We Boorish Indians!
Maxwell Pereira


Recalling memories of thirty years ago, perhaps the one thing good about the ‘emergency’ was it disciplined to an extent us the Indian people. In the sudden transformation, people then reached their offices on time, stood in queues – even at bus stops, obeyed traffic rules more than usual. There was an air of fear against disobeying a rule, violating law and giving the enforcer a reason to nab you – for consequences fearfully and expectedly unpredictable.

It is another matter being not a people who like discipline thrust down our throats at the end of a danda – we rallied round to overthrow the emergency in nineteen months to restore our ‘freedoms’ …..unfortunately, to be able to violate yet again with impunity!

At a dinner last week an indignant former bureaucrat’s wife accosted me, “do you think it is right for the Indian government to seek an apology from the Dutch for the treatment meted out to twelve fellow Indians?”

“Hell… NO!” was my answer. “Not with the potential our Indian blood has for boorish behaviour, our propensity to disregard all accepted norms, rule and regulation, our utter disrespect for the rule of law, and our bottomless capacity to violate and cock a snook unabashedly at those who observe rules.

The 12 Indians from aboard the Northwest Airline detained by the Dutch authorities for their behaviour, had flouted rules that commonly apply to passengers in all airlines. Reportedly between them they had 60 cellphones, in overflowing cabin hand-baggage. Against rules they switched them on even while the plane was climbing, passed them around and swapped seats violating the ‘fasten seat belt’ regulations during take off – despite repeated announcements asking them to desist from doing so and efforts of marshals on board to push them back into their seats. They were disgustingly loud and boorish much to the inconvenience and annoyance of co-passengers.

These were reasons enough for security marshals on board to suspect them of anti-social intent, to turn around and return to take-off point after alerting ground authorities of likely terrorists on board. Normal drill thereafter – incapacitate the suspects, isolate, question and verify them, their activity and their antecedents. The Dutch proved to be efficient and decisive, unlike us; for they cleared the twelve, apologised for seemed over-reaction and facilitated their onward journey with convenience, all within 24 hours.

None of the 12 spoke of their own boorish behaviour and activity that contributed to the security personnel’s decision branding them as suspected terrorists. If they did, our media conveniently ignored it – selective as we are when facts do not suit our agenda. Instead, our media was quick to record in graphic detail their fear and trauma, the harassment of unwarranted hand-cuffing and detention. The nightmare of being shifted to a prison with their belongings confiscated – mobiles, laptops et al, and incarceration in claustrophobic cells the size of 3x3 with no toilet.
It was not the Dutch authorities who took the decision on their behaviour as violative of airline security practices; the authorities on the ground were only conveyed the decisions taken in-flight – that there were suspected terrorists on board. Would we have reacted differently if an airline in our airspace had reported to ground authorities the presence of terrorists on board? No.

Would we have been so gracious or decent in similar circumstances? No, we would have trumped up false charges to detain the suspects beyond limits permitted  by law, and procrastinated by passing the buck around for someone else to take a decision to let them free even after finding nothing adverse against them. We don’t have to climb the skys to get a taste of what happens at our end. Just ask the scores of those who inadvertently stray into our VIP routes or the prime minister’s car-cade on the treatment meted out to them. Most do not recover from the shocking experience for life! I recall an incident when an elderly Justice out on his walk on Rajaji Marg was ordered, “Budde, bagh!”. And that was decades before the era of terrorism!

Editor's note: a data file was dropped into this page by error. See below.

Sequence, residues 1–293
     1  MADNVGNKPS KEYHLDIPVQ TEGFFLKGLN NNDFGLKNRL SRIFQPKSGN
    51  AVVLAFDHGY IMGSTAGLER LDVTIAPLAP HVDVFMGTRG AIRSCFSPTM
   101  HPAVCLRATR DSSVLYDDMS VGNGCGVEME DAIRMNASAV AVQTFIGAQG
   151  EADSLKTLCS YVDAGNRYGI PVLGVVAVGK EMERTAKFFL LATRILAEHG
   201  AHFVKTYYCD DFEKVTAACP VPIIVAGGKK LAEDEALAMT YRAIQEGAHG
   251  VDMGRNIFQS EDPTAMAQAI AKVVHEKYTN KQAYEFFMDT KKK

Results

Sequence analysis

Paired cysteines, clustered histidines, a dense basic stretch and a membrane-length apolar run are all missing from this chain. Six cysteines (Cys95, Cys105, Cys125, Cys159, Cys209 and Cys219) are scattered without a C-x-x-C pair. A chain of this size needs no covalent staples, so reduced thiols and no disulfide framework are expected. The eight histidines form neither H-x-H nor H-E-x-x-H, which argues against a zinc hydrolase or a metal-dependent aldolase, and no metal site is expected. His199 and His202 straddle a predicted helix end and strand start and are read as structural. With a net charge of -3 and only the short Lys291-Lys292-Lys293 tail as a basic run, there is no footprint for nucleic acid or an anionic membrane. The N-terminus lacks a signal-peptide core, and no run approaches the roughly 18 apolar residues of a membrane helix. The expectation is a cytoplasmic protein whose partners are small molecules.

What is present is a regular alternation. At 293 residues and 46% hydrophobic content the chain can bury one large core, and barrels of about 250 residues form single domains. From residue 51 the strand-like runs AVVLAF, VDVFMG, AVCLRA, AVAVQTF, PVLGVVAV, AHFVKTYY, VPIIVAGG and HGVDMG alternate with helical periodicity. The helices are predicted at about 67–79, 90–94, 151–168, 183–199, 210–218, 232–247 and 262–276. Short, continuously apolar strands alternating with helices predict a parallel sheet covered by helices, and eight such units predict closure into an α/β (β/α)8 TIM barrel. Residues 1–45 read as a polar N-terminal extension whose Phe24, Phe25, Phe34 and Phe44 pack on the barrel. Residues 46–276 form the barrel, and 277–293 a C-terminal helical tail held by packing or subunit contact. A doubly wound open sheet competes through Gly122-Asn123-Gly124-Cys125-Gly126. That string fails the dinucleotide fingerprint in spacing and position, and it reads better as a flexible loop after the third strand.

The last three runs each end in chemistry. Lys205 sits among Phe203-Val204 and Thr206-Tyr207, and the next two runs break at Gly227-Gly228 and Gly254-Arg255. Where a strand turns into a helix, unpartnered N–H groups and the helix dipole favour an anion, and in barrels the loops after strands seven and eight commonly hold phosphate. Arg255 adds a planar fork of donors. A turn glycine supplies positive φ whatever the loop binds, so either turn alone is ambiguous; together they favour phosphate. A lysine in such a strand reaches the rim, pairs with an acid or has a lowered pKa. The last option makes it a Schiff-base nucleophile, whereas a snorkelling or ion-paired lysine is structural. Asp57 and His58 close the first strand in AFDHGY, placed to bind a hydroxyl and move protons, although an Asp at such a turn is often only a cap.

All 12 who experienced the Dutch treatment happened to be Muslims, and as is the bane of our media, in one voice we hastened to conclude they were being targeted because of prejudicial passenger-profiling – their skin-colour and religion, particularly aimed at Indians. Inferiority complex ridden people that we are, some even questioned whether a white skin would have been subjected to the same treatment – conveniently ignoring earlier reported incidents involving whites treated similarly or worse.

What beats me is the irresponsible behaviour on the part of the 12 on the heels of the recent Heathrow roundups that triggered off the unprecedented terrorist scare in air travel across the world – down right foolhardy and stupid. A fact everyone has ignored is the inconvenience suffered also by the rest of the passengers in the plane, because of the suspect behaviour of these 12.

A lesson for us all – all Indians, not Muslims alone. High time we shed our “don’t care, chalta hai” attitudes and conform to accepted societal norms with concern for the neighbour. We live in times of stress, when panic reactions are the order of the day. With a little discipline, we could steer ourselves clear of troubled waters. We Indians need to learn that rules and laws are to be obeyed!

In the fallout of the Amsterdam treatment to the dozen Indian suspected ‘terrorists’ there appears a silver lining – should I dare say a good side to terrorism too! For this may yet teach the Indian to be a bit more disciplined.

4.09.2006: Copyright © Copy Right © Maxwell Pereira: 3725 Sec-23, Gurgaon-122002. You can interact with the author at http:// www.maxwellperira.com and maxpk@vsnl.com TOP

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